After my recent post in which I shared some of my writing fears and insecurities, I felt a huge weight lift and for the first time in some while, a sense of renewed purpose and yes, joy buoyed me up.
A new determination set in enabling me to keep focused on my newly initiated writing discipline (if I am ever to finish the first draft of my memoir), and although fully aware that the road ahead is far from smooth, I felt stronger than I had done in months to prepare for the inevitable pitfalls.
But my writing took a back seat once again and not because any of this changed: on Friday morning I rushed my daughter to A&E (ER), whereupon she was admitted to hospital. She returned home yesterday in the late afternoon. Viral meningitis was suspected but thankfully not. Still, some sort of nasty virus.
Now we are back home and I feel as if I’ve lost three days in the real world and I am overwhelmed to the point of numbness because I am so far behind with everything. What can I do? Well…absolutely nothing except start at the beginning.
What is most important is that my daughter is so much better and she is back home. Thank God.
Blogging had me on a roll last week, so I thought, but these past few days in the hospital with my daughter have changed that.
Whilst sitting quietly by her bedside as she slept, I pondered the view from the large window in her room. Being seven floors up, it overlooked a long row of trees, their leaves tinged with the colourful message of September’s autumn. The sky hung grey and damp after Friday’s storm.
Thunder, lightening and torrential rainfall had heralded our arrival on Friday morning; as I helped her from the car park to the hospital’s entrance, I had managed to catch my daughter’s faint smile as I told her she wouldn’t forget this day for more than one reason, it being suitably Gothic in its pronouncements.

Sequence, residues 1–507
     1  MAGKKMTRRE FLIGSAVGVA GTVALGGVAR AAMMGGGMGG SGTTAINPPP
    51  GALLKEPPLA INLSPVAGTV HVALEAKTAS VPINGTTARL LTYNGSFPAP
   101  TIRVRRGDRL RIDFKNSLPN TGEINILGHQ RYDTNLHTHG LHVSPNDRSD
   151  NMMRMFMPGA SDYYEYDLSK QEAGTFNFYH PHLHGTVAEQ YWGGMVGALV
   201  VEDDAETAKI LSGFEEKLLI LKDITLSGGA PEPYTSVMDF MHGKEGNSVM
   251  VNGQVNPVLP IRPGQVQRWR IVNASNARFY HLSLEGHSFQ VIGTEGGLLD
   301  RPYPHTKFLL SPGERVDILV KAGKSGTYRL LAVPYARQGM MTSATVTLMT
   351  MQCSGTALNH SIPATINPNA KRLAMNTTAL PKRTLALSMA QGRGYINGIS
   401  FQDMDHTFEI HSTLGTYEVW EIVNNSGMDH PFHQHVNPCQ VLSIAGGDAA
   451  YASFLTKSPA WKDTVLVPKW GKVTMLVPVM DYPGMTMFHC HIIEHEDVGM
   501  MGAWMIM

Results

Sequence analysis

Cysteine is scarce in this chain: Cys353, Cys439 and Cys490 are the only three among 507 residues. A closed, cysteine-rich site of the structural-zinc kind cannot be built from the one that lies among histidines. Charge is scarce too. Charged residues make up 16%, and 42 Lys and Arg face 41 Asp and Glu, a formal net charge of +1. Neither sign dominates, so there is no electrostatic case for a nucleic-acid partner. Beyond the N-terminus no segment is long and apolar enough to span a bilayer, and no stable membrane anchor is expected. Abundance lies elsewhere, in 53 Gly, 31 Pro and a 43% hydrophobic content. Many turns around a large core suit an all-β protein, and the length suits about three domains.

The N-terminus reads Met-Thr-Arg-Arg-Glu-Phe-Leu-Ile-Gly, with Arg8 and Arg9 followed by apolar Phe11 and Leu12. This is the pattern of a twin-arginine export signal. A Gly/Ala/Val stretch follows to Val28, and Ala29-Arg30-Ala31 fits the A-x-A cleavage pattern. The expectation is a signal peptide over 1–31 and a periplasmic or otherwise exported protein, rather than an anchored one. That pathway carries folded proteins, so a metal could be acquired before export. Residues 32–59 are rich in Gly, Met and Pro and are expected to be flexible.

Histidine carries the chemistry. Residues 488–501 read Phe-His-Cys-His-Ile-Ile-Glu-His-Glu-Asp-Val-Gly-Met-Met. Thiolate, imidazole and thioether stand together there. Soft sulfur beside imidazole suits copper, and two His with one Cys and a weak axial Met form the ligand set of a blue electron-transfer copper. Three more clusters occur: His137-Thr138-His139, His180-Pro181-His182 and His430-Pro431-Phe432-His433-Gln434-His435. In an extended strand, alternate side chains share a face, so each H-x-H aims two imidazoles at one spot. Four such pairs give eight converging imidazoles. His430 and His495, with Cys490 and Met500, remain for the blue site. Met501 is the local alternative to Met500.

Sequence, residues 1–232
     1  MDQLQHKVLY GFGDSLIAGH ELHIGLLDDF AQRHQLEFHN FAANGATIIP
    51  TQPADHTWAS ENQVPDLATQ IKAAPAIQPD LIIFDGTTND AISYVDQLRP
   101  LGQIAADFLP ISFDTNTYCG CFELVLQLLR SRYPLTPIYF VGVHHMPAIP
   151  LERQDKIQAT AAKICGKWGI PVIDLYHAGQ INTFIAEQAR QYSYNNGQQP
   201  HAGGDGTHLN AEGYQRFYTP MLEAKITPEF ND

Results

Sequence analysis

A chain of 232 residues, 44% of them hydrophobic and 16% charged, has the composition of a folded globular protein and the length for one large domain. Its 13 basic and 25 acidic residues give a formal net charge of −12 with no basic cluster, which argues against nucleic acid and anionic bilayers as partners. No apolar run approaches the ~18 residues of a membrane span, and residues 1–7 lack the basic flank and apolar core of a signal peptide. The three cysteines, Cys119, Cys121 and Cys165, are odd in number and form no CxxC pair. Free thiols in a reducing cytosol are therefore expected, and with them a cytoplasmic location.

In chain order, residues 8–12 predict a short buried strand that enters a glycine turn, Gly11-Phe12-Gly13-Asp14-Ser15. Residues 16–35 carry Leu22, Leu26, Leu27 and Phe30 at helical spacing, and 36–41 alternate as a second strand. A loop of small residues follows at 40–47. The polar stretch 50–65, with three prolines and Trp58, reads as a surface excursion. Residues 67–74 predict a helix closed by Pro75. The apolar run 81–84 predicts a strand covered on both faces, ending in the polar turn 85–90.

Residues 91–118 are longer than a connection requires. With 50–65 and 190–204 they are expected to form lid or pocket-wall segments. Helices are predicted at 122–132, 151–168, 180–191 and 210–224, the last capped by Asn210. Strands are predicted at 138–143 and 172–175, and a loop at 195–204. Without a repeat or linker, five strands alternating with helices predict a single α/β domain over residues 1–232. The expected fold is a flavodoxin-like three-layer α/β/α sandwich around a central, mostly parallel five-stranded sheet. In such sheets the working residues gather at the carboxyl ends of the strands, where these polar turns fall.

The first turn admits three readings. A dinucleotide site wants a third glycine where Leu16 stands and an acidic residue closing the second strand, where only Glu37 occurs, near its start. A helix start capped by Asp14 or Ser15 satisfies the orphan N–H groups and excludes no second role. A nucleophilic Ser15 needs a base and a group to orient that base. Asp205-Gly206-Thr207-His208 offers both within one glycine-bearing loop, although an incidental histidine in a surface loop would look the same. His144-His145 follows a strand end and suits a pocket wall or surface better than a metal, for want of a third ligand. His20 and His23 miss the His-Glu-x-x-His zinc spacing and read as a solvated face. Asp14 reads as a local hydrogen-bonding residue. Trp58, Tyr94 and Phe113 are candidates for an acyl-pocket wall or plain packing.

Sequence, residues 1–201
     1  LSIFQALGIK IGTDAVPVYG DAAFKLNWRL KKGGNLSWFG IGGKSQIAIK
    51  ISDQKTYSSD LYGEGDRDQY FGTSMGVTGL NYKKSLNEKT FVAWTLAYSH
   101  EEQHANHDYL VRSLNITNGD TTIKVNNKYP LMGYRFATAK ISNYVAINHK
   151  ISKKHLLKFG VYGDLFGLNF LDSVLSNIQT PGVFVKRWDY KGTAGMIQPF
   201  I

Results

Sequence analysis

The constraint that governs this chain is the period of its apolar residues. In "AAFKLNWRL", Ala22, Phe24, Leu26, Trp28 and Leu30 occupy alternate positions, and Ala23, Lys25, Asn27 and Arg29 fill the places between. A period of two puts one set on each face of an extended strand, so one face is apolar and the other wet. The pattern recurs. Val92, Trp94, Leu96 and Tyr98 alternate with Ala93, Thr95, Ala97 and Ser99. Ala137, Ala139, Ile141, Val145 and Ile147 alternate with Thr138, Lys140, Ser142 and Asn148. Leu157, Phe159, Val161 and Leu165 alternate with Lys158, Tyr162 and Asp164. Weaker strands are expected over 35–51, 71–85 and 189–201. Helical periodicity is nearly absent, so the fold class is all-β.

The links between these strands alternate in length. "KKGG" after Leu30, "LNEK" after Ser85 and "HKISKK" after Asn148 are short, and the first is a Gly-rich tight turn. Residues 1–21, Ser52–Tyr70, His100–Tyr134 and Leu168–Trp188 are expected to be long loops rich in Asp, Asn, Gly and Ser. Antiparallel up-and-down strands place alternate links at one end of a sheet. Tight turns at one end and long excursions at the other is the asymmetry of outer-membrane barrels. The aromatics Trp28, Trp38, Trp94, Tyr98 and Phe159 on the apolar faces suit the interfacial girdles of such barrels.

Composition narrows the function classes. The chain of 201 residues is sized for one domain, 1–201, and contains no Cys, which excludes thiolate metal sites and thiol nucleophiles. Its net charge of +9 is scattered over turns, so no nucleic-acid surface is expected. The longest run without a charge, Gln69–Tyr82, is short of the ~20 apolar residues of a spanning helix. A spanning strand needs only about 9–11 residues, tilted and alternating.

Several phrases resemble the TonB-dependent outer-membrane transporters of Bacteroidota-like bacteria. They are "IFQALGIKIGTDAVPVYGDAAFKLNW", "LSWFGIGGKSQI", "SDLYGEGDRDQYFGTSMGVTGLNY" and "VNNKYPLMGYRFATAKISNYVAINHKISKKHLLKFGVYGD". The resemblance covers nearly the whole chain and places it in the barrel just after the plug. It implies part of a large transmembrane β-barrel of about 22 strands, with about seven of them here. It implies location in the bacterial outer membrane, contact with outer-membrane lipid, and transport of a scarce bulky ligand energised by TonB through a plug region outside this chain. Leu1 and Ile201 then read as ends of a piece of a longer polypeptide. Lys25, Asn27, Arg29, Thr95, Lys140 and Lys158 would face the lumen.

But I also thought of the last time I had looked out of a window from another room not far from hers overlooking the same view five years ago when I had worked there as a medical secretary.
I thought of the five years since and all the difficulties and problems my family has faced and overcome. I thought also of the day when I said ‘enough’ to living on the sidelines of life. I didn’t want any more ‘lost days’ and so I took one step forward towards my writing dream. I remembered the day everything changed when, sitting in my kitchen with a cup of tea, I read this by novelist George Eliot:
‘It’s never too late to become what you might have been.’
German philosopher Goethe said:
‘Each indecision brings its own delays, and days are lost lamenting over lost days…What you can do, or think you can do, begin it. For boldness has power and genius in it.’
A friend I’ve known for 20 years visited me a couple of weeks ago from California. We hadn’t seen each other for twelve of those years and it was a thrill for me to share this little corner of England with her. As we strolled along by Stourhead lake taking in the sights, we talked of days long gone when our children were small and played together, of the highs and the lows and of the different challenges we have endured over the years. These gardens and their buildings have endured for not far off 300 years: we, like they, are still standing, although of course we are much, much younger.
More than anything, we are grateful for our many blessings, for our visit and today I am so very grateful that my daughter is home and recovering. And now I write.
Such is life.
I’ll do my best to catch up with you as soon as I can…Love Sherri x